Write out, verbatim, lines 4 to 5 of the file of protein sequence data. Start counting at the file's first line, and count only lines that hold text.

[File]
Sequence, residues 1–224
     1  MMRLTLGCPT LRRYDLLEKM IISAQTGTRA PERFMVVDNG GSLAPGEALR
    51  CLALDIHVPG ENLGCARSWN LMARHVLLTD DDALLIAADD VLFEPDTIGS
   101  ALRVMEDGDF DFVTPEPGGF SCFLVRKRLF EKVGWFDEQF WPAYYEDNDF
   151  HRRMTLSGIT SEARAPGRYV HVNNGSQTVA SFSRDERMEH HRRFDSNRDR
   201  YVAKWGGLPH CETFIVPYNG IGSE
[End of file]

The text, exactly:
   101  ALRVMEDGDF DFVTPEPGGF SCFLVRKRLF EKVGWFDEQF WPAYYEDNDF
   151  HRRMTLSGIT SEARAPGRYV HVNNGSQTVA SFSRDERMEH HRRFDSNRDR